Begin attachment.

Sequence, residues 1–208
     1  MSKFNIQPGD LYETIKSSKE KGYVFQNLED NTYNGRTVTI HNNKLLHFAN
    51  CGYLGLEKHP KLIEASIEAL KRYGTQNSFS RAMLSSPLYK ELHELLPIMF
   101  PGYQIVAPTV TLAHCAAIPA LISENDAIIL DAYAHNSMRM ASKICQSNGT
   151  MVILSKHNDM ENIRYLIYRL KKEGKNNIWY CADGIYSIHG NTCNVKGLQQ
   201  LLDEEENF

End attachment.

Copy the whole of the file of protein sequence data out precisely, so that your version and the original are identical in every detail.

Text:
Sequence, residues 1–208
     1  MSKFNIQPGD LYETIKSSKE KGYVFQNLED NTYNGRTVTI HNNKLLHFAN
    51  CGYLGLEKHP KLIEASIEAL KRYGTQNSFS RAMLSSPLYK ELHELLPIMF
   101  PGYQIVAPTV TLAHCAAIPA LISENDAIIL DAYAHNSMRM ASKICQSNGT
   151  MVILSKHNDM ENIRYLIYRL KKEGKNNIWY CADGIYSIHG NTCNVKGLQQ
   201  LLDEEENF